The case for a new approach is overwhelming and Mariana Mazzucato's project is ambitious ... Mission Economy injects the kind of vision, ambition and imagination so desperately missing from government today ... All those in favour of a better future - of prosperity that is broadly shared, first class public services to be enjoyed by all, and a solution to the climate crisis - should read this book. -- Tom Kibasi * The Guardian * One of the most agile thinkers on post-Brexit, post-Covid Britain. -- Alex Brummer * Daily Mail * a wider and more radical critique of modern capitalism ... Mazzucato is a fantastic example of a charismatic policy entrepreneur having a real impact ... Mazzucato rightly shows that the state can rise to grand challenges and set ambitious missions. -- David Willetts * Research Professional News * A timely and optimistic vision ... Mazzucato presents her arguments so simply and clearly that they can seem obvious. In fact, they are revolutionary. Rethinking the role of government nationally and in the international economy - to put public purpose first and solve the problems that matter to people - are now the central questions for humanity -- Jayati Ghosh * Nature * In Mission Economy Mariana Mazzucato argues that societies ought to abjure tired ideologies and embrace the policy approach that put astronauts on the Moon. By setting grand missions for themselves, she writes, and deploying the power of the state in practical ways, they can become more prosperous and equitable ... Mazzucato is an Italian-born economist of a heterodox bent, whose work has long challenged standard economic thinking about the role of markets and government in generating innovation ... compelling ... arresting * Economist * Mazzucato's new book criticises the narrowness of the philosophy that says the only role for government is to correct "market failures," stepping in when the private sector cannot deliver adequately by itself ... Mission Economy argues for a more agile, flexible public sector, free to adapt to changing circumstances and new challenges. Mazzucato advocates institutional innovation and citizen engagement in the setting of missions and challenges. -- Diane Coyle * Prospect * Mazzucato's solution is to redesign capitalism in the interests of stakeholders rather than shareholders, and to reshape the relationship between government and the state as a "mission economy". Civil servants should be active, not passive ... Britain and America, she believes, need to abandon the neoliberal belief in minimalist government that merely regulates the market and lets the private sector drive innovation. -- Emma Duncan * The Times * Ever since 1969, people have asked themselves why if humans can land on the moon, can't they solve pressing problems here on Earth, such as poverty, dementia and climate change. Mariana Mazzucato offers an answer: if only governments would apply the mission-driven methods of the Apollo project, they could. -- John Kay * Financial Times * In her new book, Mission Economy: A Moonshot Guide to Changing Capitalism, she argues that the state must lead the way ... Mazzucato is particularly good on the dubious benefits of outsourcing government functions to management consultants and other carpetbaggers. -- Peter Franklin * UnHerd * Mazzucato's ... boldness and long-term vision ... argues Western market-led capitalism has failed. Years of privatising state-owned companies and outsourcing essential services, she says, have left governments weakened without benefitting society or saving taxpayers' money ... Governments, economist Mariana Mazzucato contends, should now channel the same spirit and back bold goals to improve the planet and society. -- Lisa Jucca * Reuters *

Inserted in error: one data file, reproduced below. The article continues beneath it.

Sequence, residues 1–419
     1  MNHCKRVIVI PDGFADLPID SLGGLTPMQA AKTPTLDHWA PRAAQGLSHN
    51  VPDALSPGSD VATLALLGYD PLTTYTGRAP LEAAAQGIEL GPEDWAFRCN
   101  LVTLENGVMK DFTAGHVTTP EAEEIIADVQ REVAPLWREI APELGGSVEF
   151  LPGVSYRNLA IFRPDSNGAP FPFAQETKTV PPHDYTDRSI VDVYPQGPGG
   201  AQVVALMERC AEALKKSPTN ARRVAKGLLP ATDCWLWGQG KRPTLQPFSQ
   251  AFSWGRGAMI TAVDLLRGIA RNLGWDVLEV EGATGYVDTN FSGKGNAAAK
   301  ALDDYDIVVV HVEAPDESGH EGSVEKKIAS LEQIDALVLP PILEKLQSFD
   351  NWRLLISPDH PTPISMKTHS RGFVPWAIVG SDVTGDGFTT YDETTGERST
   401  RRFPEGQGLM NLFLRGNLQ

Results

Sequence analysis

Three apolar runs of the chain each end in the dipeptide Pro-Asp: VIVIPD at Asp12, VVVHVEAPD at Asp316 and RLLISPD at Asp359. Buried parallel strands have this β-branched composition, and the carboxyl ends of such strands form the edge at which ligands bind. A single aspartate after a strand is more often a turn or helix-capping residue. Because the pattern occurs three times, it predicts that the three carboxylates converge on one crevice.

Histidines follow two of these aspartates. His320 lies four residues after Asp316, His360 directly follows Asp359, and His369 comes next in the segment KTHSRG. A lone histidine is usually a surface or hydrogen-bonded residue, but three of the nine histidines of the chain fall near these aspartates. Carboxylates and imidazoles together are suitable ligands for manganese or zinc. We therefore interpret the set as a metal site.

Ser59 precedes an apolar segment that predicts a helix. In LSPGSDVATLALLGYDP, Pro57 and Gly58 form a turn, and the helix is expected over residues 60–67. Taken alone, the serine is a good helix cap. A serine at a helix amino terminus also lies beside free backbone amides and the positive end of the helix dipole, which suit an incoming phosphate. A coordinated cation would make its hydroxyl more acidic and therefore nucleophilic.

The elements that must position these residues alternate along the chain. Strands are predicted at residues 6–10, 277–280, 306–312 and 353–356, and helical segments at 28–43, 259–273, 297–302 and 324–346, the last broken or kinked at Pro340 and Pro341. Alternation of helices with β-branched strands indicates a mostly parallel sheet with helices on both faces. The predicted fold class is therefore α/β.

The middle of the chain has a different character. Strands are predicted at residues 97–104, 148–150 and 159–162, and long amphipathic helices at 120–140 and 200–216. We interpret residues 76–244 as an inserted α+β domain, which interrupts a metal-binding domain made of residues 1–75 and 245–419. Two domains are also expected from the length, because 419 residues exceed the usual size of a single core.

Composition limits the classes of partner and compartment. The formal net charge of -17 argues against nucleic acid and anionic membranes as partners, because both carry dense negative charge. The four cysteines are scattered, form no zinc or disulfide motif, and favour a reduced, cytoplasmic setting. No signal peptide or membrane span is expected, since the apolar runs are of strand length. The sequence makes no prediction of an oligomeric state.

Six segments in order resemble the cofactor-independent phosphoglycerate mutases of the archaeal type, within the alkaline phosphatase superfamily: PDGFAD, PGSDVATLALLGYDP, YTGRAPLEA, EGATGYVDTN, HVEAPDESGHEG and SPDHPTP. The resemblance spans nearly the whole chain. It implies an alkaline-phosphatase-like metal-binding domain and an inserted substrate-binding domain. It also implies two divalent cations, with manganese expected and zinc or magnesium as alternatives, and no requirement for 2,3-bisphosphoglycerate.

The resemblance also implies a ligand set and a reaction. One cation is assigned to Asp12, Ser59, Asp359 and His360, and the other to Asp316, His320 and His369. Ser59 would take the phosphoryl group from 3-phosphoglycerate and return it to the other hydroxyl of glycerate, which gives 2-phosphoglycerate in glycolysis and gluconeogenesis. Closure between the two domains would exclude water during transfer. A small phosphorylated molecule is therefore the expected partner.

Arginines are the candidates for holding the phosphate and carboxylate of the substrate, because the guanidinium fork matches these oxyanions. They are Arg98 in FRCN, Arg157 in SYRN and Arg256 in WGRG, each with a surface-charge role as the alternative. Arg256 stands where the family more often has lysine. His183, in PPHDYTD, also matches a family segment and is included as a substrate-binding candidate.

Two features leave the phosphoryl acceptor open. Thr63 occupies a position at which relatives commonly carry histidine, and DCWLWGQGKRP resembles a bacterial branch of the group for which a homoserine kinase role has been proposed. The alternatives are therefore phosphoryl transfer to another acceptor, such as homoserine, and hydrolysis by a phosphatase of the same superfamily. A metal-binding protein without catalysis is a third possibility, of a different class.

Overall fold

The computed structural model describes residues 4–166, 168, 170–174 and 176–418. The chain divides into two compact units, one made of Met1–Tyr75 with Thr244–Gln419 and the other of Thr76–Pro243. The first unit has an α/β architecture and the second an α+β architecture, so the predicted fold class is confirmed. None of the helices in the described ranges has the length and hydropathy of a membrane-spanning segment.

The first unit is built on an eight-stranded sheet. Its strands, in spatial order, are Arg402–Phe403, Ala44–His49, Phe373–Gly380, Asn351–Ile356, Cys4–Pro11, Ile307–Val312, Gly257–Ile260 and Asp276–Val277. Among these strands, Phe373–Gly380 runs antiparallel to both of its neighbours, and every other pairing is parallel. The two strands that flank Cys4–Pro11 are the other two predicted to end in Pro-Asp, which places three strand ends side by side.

About Mariana Mazzucato
Mariana Mazzucato (PhD) is Professor in the Economics of Innovation and Public Value at University College London (UCL), where she is Founding Director of the UCL Institute for Innovation & Public Purpose (IIPP). She is winner of international prizes including the 2020 John Von Neumann Award, the 2019 All European Academies Madame de Stael Prize for Cultural Values and the 2018 Leontief Prize for Advancing the Frontiers of Economic Thought. She was named as one of the '3 most important thinkers about innovation' by the New Republic and one of the 25 leaders shaping the future of capitalism by Wired. Her highly acclaimed book The Entrepreneurial State: Debunking Public vs. Private Sector Myths (2013) investigates the critical role the state plays in driving growth and her book The Value of Everything: Making and Taking in the Global Economy (2018) looks at how value creation needs to be rewarded over value extraction. She advises policy makers around the world on innovation-led inclusive and sustainable growth. Her current roles include being a member of the Scottish Government's Council of Economic Advisors; the South African President's Economic Advisory Council; the OECD Secretary General's Advisory Group on a New Growth Narrative; and the UN's Committee for Development Policy (CDP). Through her role as Special Advisor for the EC Commissioner for Research, Science and Innovation, she authored the high impact report on Mission-Oriented Research & Innovation in the European Union, turning "missions" into a crucial new instrument in the European Commission's Horizon innovation programme.